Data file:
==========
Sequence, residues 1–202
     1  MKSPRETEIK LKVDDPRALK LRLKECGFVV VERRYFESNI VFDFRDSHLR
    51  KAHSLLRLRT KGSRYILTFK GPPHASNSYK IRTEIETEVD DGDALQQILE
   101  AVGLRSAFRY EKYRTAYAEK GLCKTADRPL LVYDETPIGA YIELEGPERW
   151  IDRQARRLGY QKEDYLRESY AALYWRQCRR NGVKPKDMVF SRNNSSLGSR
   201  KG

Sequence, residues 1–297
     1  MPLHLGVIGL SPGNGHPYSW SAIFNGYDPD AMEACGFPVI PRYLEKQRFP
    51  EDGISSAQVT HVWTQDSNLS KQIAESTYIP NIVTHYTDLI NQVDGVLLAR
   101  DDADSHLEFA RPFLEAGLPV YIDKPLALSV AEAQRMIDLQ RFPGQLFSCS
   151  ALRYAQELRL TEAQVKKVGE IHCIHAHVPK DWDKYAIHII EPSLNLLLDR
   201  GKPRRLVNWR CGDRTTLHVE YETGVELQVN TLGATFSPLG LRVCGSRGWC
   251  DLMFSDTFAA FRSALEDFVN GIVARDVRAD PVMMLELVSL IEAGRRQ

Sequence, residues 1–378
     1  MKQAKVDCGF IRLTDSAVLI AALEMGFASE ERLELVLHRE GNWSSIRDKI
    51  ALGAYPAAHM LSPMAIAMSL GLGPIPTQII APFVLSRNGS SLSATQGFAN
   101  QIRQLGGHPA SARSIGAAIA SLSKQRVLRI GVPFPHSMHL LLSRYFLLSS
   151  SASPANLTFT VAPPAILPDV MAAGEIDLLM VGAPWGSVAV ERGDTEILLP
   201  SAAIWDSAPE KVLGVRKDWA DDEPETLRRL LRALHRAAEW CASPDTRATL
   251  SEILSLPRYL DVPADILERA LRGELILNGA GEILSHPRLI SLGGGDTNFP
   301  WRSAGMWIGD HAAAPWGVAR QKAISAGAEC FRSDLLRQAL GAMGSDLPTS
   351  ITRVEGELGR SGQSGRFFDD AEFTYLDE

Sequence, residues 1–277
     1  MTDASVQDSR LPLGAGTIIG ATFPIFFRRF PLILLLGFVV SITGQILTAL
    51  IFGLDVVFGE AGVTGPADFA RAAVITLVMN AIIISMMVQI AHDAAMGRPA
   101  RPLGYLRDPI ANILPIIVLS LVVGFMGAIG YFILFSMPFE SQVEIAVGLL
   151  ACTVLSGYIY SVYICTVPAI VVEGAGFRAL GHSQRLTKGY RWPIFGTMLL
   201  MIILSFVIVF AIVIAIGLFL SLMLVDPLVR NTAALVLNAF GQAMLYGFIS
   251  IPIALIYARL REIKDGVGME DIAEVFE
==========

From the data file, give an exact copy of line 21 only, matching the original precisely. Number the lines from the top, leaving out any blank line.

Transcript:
   301  WRSAGMWIGD HAAAPWGVAR QKAISAGAEC FRSDLLRQAL GAMGSDLPTS